General Helvetic, Federal, or Swiss Lexicon

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The General Helvetic, Eydgenössische, or Schweitzerische Lexicon is the main work of the Zurich polymath, banker and later mayor Johann Jacob Leu (1689–1768).

From 1747 Leu published a new quarto volume with Denzler in Zurich every year . He financed everything out of his own pocket and in 1765 his topographical-biographical-historical reference work with 20 volumes was completed. The work could be completed relatively quickly because Leu had given preference to an efficient approach over a perfectionist approach .

On 11,368 pages in an estimated 20,000 headwords, pretty much everything was dealt with that was of interest to Leu and its subscribers , including the Confederation at the time , its subject areas and the surrounding areas .

«Leus Werk […] primarily names Swiss places, family names and individual persons, as well as dioceses, common lordships (= subject areas), monasteries, monasteries, castles, mountains, valleys, lakes or baths. Terms from the law of the time, from politics and trade or from ethnology are much less common .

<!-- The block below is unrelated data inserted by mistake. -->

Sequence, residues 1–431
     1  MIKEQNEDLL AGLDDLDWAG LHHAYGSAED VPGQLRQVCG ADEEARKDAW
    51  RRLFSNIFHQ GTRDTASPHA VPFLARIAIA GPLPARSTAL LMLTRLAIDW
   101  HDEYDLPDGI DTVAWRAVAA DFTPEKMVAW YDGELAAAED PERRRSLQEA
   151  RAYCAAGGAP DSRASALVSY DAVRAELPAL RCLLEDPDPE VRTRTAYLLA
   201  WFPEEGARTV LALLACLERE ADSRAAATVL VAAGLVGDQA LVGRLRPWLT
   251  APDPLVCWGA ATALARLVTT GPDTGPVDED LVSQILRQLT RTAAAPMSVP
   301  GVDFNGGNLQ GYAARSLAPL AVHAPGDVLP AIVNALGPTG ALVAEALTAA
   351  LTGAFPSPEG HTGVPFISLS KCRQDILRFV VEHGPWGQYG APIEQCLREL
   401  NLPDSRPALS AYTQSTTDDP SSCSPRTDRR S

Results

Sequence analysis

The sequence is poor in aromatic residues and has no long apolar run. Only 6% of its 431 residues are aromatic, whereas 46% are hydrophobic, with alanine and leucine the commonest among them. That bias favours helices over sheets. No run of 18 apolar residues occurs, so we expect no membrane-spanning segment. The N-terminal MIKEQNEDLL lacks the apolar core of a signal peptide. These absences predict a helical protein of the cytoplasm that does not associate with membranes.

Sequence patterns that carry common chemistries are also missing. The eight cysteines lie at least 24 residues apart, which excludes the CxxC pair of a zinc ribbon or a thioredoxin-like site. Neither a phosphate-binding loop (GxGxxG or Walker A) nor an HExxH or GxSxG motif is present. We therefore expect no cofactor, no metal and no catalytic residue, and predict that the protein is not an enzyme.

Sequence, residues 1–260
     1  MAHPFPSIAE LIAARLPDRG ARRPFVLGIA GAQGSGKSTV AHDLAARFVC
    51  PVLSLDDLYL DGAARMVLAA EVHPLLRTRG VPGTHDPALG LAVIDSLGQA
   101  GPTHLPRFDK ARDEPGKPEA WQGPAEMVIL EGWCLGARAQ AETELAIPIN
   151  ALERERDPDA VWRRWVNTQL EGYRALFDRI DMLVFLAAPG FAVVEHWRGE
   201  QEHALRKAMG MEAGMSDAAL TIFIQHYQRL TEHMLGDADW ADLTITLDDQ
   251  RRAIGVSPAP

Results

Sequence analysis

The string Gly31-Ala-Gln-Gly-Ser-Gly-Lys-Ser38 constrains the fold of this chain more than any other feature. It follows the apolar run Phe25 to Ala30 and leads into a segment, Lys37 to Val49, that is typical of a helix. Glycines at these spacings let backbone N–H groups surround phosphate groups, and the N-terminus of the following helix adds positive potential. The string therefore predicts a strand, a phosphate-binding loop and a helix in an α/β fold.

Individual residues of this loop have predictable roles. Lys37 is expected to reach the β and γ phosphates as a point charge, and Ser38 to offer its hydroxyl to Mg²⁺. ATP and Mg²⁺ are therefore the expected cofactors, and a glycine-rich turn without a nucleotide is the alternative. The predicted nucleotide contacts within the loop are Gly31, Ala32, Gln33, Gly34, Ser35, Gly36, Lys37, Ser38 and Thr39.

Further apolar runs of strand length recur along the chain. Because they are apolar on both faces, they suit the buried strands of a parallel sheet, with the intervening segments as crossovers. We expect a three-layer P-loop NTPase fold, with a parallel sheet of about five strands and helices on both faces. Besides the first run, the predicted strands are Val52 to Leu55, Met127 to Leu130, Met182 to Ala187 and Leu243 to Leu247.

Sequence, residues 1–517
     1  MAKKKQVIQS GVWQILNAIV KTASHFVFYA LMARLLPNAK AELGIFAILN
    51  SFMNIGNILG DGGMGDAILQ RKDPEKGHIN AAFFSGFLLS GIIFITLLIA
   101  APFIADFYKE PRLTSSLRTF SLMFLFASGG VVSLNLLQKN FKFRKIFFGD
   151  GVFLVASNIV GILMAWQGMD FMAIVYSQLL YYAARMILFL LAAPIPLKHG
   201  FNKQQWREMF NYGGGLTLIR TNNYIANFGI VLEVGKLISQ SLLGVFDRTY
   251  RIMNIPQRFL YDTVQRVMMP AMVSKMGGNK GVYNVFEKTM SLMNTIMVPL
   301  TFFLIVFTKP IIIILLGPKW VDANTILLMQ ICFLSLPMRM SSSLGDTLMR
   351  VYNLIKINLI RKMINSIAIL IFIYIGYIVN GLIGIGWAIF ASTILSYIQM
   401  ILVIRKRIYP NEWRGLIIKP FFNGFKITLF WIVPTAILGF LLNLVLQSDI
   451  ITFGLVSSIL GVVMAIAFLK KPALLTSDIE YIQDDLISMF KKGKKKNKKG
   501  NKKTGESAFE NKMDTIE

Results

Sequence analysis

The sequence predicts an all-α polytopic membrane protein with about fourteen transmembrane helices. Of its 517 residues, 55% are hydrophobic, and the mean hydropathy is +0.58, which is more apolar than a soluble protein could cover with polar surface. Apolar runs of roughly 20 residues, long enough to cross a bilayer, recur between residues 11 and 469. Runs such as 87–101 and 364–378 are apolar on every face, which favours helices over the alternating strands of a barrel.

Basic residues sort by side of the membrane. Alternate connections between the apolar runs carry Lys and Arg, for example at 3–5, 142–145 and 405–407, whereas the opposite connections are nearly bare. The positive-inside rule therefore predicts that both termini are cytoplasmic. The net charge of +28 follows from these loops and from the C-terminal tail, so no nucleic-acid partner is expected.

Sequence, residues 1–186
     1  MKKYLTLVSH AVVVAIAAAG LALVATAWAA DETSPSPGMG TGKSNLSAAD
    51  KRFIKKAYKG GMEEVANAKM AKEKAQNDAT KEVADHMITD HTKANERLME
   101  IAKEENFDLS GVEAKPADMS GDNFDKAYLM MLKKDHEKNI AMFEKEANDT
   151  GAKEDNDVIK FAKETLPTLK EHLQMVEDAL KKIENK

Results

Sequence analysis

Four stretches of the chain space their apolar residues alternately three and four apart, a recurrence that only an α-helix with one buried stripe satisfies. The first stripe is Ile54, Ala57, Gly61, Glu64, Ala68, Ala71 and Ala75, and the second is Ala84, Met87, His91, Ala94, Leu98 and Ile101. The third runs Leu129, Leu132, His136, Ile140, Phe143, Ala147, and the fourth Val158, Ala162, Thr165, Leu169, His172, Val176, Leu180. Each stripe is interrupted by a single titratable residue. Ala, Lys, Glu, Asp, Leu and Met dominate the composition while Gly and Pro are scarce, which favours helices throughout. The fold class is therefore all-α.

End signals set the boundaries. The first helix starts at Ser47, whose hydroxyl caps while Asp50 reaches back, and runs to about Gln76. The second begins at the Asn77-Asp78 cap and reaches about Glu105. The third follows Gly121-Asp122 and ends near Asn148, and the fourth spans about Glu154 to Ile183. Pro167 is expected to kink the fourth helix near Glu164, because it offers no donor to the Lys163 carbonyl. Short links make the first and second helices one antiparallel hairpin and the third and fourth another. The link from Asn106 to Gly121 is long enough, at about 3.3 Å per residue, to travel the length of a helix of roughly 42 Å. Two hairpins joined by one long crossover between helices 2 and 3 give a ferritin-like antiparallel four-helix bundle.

Between 1786 and 1795, also in the Leus working style, the pharmacist Hans Jakob Holzhalb (1720–1807) created six supplementary volumes with a total of 3,826 pages, printed by Blunschi in Zug.

A microfiche edition of the main work and supplements has been published in the Archives of European Lexicography: Section 1, Encyclopedias, Part 8 . It comprises all 15,347 pages.

Web links

Individual evidence

  1. ^ Catherine Santschi: Lexica. In: Historical Lexicon of Switzerland .
  2. Review by Mario von Moos